Black Gold Online is not a good MMORPG. If that’s all you clicked on this review to find out about, then you can consider yourself informed – you may move along now. However, for those so inclined, let me go into a bit more detail. While it may still be in Open Beta, the game is charging players for feature and has essentially been released, so it’s being reviewed like a finished product. BGO attempts to create a massive, open-world MMORPG that smashes fantasy and steampunk together in an epic power struggle. While the scene is set respectably enough, the lack of execution holds back what otherwise could have been a relatively memorable experience.
Unlike a lot of other free-to-play MMOs, BGO doesn’t really have anything that lets it stand out. Other than what I’ve already said – steampunk meets fantasy – there is truly very little that could be considered unique. From the tired pseudo-action combat, to the cookie-cutter quests, and the bland environments, everything about Black Gold Online is like a foggy trip down a muddled memory lane.
AESTHETICS = 5
If you consulted YouTube, you’d think this was the next great MMORPG from a well-known and established developer, well that is to say if you liked CG videos. They’re flashy, impressive, and do a good job of turning idea to reality on a purely surface level. However, they’re not accurate representations of the game. Much of the marketing for this game has revolved around playing up the setting as “Steampunk meets Fantasy!” as some kind of hardcore dream of every gamer in the universe. While that aspect of the game more or less delivers on its promises – there are in fact two factions and the lore does in fact clearly divide them – but it’s far from being a full realization of its total potential.
Once you get past the title screen, you’ll proceed to character creation, which is once again designed to enthrall you at first glance. The lighting effects and overall glisten on the character models look great initially, but it hides otherwise lackluster designs and textures. In fact, as stated in my first impressions, some of the options appear to have even been lifted from or at least heavily influenced by other games.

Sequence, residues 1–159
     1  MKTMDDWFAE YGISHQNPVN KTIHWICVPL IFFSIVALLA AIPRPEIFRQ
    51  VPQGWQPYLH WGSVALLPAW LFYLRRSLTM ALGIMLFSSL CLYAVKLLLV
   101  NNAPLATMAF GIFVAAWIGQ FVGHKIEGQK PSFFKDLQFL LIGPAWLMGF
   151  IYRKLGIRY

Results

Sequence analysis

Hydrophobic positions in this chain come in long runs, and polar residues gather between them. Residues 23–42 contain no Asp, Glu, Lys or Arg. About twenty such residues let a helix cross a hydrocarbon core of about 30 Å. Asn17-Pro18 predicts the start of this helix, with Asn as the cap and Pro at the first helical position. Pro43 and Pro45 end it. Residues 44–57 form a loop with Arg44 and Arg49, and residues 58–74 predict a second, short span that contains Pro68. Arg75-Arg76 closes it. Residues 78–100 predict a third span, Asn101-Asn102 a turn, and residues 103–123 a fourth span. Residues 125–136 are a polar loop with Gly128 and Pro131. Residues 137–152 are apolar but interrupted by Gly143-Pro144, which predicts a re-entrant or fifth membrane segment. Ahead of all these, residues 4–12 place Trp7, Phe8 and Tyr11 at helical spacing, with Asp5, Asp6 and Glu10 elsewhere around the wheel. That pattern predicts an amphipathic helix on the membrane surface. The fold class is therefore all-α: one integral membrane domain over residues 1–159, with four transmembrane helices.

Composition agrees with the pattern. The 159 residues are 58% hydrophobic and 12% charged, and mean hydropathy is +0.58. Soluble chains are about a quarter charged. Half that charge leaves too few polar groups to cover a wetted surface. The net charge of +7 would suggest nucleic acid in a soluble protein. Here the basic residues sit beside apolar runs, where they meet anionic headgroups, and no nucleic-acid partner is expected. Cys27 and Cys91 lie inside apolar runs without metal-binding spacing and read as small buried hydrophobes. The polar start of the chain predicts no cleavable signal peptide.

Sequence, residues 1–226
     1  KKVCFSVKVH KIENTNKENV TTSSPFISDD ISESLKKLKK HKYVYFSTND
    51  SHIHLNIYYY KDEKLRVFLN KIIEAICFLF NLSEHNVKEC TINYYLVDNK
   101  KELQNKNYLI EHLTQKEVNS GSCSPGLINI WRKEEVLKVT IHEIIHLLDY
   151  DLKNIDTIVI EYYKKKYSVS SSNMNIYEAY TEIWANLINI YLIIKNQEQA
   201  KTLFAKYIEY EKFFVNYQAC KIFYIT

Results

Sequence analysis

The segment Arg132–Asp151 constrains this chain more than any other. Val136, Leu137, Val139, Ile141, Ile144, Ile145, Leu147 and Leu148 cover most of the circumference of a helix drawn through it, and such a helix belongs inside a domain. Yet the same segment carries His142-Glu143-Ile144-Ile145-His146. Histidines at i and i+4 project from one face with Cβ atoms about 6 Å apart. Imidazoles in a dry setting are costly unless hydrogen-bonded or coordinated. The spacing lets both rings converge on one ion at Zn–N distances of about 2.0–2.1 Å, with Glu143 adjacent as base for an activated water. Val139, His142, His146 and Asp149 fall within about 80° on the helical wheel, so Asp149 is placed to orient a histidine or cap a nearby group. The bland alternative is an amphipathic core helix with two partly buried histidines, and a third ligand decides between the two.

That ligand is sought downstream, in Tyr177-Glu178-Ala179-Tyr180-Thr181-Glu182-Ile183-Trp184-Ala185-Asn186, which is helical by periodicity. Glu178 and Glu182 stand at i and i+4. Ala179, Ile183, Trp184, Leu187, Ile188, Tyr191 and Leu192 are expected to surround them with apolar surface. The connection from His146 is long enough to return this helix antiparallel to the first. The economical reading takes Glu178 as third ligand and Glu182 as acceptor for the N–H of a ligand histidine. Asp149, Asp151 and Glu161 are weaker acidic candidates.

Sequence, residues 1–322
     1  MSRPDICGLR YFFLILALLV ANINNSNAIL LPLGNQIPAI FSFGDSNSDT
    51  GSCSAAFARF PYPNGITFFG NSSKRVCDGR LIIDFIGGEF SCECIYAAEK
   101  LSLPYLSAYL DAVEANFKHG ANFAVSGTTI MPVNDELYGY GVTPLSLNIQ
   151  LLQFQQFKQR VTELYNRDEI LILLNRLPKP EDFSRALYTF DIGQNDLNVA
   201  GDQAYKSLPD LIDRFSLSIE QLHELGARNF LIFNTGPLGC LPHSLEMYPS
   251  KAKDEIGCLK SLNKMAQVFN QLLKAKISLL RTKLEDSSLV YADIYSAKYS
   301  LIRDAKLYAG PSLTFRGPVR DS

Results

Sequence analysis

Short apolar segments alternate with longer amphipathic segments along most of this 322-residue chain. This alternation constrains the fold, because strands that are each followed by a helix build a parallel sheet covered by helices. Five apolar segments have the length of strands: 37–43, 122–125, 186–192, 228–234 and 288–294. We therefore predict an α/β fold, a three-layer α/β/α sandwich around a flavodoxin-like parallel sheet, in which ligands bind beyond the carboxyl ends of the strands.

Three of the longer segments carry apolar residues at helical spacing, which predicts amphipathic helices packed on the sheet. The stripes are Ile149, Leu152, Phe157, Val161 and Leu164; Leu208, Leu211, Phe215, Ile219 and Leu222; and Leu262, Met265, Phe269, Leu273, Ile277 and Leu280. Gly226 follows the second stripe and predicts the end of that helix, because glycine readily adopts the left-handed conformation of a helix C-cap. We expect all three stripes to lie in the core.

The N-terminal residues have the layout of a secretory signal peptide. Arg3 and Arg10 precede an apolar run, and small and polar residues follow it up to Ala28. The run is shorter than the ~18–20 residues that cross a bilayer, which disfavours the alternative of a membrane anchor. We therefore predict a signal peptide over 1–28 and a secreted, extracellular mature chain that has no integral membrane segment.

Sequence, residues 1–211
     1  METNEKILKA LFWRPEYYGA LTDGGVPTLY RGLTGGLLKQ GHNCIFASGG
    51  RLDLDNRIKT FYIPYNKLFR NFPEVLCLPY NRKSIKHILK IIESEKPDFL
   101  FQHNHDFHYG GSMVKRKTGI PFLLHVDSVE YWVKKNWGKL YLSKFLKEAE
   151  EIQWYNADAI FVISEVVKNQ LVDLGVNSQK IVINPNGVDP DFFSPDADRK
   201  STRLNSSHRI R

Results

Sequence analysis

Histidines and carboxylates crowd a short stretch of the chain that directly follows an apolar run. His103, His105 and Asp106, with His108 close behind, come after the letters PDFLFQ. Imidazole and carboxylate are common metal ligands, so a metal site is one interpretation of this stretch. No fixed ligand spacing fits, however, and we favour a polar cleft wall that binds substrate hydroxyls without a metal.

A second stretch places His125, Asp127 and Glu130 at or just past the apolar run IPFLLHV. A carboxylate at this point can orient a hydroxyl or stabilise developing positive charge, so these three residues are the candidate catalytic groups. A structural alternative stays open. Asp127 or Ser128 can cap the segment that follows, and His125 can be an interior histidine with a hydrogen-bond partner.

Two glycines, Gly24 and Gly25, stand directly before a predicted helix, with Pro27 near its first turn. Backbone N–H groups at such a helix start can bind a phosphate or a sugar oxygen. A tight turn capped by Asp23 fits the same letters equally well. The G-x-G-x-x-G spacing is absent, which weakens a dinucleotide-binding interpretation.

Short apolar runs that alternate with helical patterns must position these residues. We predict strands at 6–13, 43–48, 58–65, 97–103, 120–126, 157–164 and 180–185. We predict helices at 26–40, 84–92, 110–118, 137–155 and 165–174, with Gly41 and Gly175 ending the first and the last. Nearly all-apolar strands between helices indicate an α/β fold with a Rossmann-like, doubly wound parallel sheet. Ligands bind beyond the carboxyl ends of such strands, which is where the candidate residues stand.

Everything from the interface, font, UI designs, environments, animations, character models, textures, and anything else feels utterly uninspired. While many of the areas will look great from a distance in concept, they often feel empty and lacking on closer inspection. Some of the creature designs are interesting, particularly due to the fact that the game mixes such drastically different concepts together, but it never ends up feeling like a fully developed world.
GAMEPLAY = 4
The bread and butter of every MMO, what you’ll be doing for hours upon hours, just has to be spot on for it to be worth your time – alas, it is not in this case. Don’t get me wrong though, because it technically works, it’s just not fun or challenging. If you took the combat system from TERA and took away what made that game feel weighty and satisfying, then you’d have a pretty good idea of what to expect here. As someone that is a fan of both Neverwinter and Guild Wars 2, it was disappointing to play a game that got action MMO combat wrong on such a fundamental level.
The moment-to-moment gameplay of attacking never felt engaging and most skills for classes suffer from an annoying intentional delay. Combined with the ugly interface and the game is simply a chore to slog through. Most of the game is essentially on rails as well, with autopathing and extremely guided quest objectives. Very rarely does the game ever stray from the standard “kill X of this and do X of that” that we’ve all come to hate so tremendously. Recent games have proved that those types of tasks can be hidden amongst other more entertaining activities, but BGO does little in the way of masking the monotony.
What BGO lacks in depth, it makes up for many times over in breadth, especially if you enjoy PvP. The two-faction system is a tried-and-true way to encourage organic competition in the game and it seems to work for the most part here. The biggest thing I noticed though, is that while there are a ton of modes to choose from (Arena, Battlefield, Chambers of Greed, Energy Well, Outbreak, Instances, and more) none of them really feel…unique. It’s a hard impression to describe as they’re all quite different in concept, but everything just ends up feeling very similar in execution.
PvP, while great on paper, usually just results in most players using the same general selection of classes and most people are utilizing their battle carriers. Having large mounts and vehicles for use in combat adds a slight layer of complexity to the mix, but then it undermines the usefulness of the classes themselves. The result is that the majority of combat plays almost exactly the same. It would have been more effective if instead of taking the shotgun approach and spraying a whole cacophony of activities at players, if the developers had just focused in on a few concepts and made them more refined.